I don’t anticipate saying much in a political vein here, since so many others do it much better than I ever will (a few examples will show up in my blogroll – eventually). I’m an ol’-timey liberal who remembers coming home from elementary school to find my mom watching the Army-McCarthy hearings with steam coming out of her ears, exclaiming in a tone almost of disbelief, “What a wicked man!” And she didn’t mean Joseph Welch.
I’ve read a bit of Krugman’s Conscience of a Liberal. Also read a bit about the history of American political mores, highjinks and obsessions. I think people in my and Krugman’s age group grew up in an unusual era of left-center-right consensus, probably the result of having unified under the threat of the Axis and the Rising Sun, having won WW2 and come out Top Dogs, and then facing the overarching fear of the USSR.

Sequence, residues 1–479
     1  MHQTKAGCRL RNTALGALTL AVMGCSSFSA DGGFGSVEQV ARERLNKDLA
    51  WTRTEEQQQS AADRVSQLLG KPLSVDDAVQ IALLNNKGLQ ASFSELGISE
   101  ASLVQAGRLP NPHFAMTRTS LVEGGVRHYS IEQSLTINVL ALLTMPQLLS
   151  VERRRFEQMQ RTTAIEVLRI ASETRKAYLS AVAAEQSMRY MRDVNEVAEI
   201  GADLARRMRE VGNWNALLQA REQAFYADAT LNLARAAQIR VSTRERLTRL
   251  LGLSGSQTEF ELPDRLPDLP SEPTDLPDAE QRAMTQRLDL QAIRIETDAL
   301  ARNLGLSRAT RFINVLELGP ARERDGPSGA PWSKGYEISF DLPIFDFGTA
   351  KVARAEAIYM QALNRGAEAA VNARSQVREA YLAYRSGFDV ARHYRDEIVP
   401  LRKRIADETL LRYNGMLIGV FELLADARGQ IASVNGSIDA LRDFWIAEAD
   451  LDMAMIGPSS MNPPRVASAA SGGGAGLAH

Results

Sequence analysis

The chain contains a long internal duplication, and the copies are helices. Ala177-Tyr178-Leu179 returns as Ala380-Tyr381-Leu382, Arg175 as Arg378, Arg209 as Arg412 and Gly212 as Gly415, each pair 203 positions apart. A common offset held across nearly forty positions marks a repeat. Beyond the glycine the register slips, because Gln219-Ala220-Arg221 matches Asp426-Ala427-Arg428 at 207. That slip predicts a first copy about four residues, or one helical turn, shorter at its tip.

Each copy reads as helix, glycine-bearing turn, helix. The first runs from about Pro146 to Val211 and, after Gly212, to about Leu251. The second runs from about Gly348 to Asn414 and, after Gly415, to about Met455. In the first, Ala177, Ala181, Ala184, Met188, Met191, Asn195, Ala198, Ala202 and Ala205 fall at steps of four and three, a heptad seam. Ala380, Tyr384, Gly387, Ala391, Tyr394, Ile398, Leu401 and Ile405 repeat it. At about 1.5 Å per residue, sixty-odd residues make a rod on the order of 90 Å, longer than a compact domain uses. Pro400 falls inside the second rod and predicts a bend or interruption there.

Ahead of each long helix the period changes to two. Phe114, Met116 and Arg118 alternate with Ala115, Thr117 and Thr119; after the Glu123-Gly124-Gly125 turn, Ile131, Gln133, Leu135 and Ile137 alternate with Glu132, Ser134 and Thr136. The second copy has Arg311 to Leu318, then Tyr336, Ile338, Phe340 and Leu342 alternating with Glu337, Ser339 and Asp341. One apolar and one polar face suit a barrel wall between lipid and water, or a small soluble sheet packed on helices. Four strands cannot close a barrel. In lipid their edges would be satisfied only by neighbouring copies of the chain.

Sure, there were rumblings, severe ones, shoving at the undersurface of the consensus: dread of the Bomb(s) and our commitment to nuclear arms, for one; civil rights for another. But there was a period of collegiality in the halls of congress, which older Reps and Senators now recall nostalgically. There was a broad sense of trust in science and rationality. I look at it now, not as a norm, but as a point in a long series of waves, progressive to reactionary to progressive to reactionary, over and over, going back to the earliest disagreements after the Mayflower landed, stretching forward to the Goddess knows where.
Is any progress away from sheer emotional reactiveness inherent in this wave phenomenon? You got me there, pal.